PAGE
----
* The National Geographic has a story on solar cycles and a possible solar minimum around 2020.

* Peter Gleick, President of the Pacific Institute, a member of the NAS, the National Academy of Science, writes, "There is a possibility that changes in solar output may temporarily mask the full, serious effects of human-caused climate change but it will also risk delaying actions, which will, in the long run, only make climate impacts worse."

* Joe Romm, Senior Fellow at the Center for American Progress and Editor at adds:

  "1) 2010  was the hottest year on record  in spite of coming at the end of the deepest solar minimum in the century.
  2) The solar cycle (24) is limping along  modestly now.  With  an El Niño or just ENSO positive, 2012  is likely to be the hottest year on record.
  3)  The  solar cycle is supposed to peak in 2013.  That and soaring GHGs (thank you China and deniers) -- and the  slow equilibration of temps with CO2 concentrations -- will insure that half the years this decade or more  will be as warm or warmer than 2010, and  that this will again be the hottest decade on record."
How Would A Solar "Grand Minimum" Affect Global Warming? With the recent flurry of articles about the sun about to go into another (potentially stronger) "quiet phase" and possible cooling that could produce here on Earth, climate scientists are weighing in on what, if any, impact that would have on AGW. John Cook from Skeptical Science has a post, picked up by Climate Change: The Next Generation:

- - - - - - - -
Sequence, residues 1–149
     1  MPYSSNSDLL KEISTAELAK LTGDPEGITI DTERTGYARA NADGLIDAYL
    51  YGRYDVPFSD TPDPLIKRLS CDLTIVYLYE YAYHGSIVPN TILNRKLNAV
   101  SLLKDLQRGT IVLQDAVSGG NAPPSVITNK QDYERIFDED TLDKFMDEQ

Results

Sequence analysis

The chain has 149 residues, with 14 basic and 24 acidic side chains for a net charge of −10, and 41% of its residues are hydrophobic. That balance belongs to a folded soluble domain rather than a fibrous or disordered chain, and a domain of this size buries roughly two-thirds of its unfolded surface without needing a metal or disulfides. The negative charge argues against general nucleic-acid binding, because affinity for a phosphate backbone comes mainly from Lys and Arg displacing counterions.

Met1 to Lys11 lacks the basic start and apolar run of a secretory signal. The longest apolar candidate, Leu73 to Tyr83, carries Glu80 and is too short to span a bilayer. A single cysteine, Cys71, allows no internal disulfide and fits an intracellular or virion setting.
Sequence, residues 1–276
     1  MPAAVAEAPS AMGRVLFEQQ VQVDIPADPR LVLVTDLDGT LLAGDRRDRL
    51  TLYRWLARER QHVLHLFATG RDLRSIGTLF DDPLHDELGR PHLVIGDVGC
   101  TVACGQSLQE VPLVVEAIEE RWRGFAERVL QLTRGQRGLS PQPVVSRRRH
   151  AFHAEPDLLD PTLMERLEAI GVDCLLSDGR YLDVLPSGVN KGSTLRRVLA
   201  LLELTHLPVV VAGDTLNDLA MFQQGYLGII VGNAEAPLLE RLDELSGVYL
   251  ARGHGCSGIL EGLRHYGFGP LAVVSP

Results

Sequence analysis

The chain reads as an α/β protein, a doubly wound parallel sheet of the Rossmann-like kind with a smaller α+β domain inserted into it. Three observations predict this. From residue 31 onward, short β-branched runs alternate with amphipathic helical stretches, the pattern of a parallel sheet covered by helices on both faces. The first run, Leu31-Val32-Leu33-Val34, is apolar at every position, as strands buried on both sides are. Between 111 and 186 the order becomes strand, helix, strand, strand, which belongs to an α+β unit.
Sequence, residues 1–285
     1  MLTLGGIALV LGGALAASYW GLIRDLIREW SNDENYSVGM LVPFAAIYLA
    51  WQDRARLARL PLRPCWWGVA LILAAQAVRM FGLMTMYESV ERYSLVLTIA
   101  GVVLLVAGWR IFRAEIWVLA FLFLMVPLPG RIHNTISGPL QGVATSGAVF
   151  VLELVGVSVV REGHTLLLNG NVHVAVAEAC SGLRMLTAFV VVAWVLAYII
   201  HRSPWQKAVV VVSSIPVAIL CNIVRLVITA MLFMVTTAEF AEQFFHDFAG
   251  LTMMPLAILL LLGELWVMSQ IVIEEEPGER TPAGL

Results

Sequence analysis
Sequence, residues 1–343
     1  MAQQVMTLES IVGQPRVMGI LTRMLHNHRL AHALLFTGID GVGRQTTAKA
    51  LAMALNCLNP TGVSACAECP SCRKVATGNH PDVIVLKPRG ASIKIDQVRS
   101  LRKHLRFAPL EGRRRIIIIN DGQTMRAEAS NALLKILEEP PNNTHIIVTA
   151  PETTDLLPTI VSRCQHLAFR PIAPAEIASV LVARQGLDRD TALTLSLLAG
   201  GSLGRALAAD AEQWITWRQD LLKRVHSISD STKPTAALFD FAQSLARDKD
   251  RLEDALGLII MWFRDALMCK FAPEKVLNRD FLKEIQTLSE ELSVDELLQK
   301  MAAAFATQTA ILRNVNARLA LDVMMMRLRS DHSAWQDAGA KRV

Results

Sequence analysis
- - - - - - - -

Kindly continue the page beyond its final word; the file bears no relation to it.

"Solar physicists have issued a prediction that the sun may be entering a period of unusually low activity called a grand minimum. This has climate skeptics speculating that solar 'hibernation' may be our get-out-of-jail-free card, cancelling out any global warming from our CO2 emissions. However, peer-reviewed research has examined this very scenario, "On the effect of a new grand minimum of solar activity on the future climate on Earth" (Feulner & Rahmstorf 2010). What they found was even if the sun fell into a grand minimum, global temperature would be diminished by no more than 0.3 °C. The sun is not our get-out-of-jail-free card.....Feulner (2010) simulates what would happen if the sun fell to Maunder Minimum levels in the 21st century. To include the effect of greenhouse gas emissions, they assume either A1B or A2 scenarios (IPCC TAR). A1B is a more optimistic scenario where carbon dioxide emissions continue to rise in the early 21st century, stabilise mid-century then fall in the latter-21st century. A2 is somewhat more pessimistic, projecting carbon dioxide emissions to continue growing throughout the 21st century. Unfortunately, the latest data on CO2 emissions indicates we're tracking towards the worst case scenario."